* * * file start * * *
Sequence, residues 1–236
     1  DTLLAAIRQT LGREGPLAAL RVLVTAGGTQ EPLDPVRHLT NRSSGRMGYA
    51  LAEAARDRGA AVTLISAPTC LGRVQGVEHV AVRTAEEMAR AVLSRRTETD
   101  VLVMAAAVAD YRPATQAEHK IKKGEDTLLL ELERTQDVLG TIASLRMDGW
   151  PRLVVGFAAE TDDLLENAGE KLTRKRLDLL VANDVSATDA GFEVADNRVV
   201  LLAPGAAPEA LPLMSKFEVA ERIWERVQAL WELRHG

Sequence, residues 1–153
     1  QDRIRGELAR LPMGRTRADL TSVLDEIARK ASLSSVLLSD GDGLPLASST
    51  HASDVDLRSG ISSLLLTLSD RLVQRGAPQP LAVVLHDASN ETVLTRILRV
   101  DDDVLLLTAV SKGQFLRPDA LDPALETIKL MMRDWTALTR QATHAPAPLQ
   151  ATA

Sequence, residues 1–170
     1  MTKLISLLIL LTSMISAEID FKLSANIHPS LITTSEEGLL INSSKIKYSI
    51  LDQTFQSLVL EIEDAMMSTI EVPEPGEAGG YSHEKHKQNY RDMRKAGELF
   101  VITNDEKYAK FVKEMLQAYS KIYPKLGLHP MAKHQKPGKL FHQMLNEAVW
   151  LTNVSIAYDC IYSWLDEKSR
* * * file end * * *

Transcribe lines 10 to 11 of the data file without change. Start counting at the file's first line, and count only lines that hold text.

   101  DDDVLLLTAV SKGQFLRPDA LDPALETIKL MMRDWTALTR QATHAPAPLQ
   151  ATA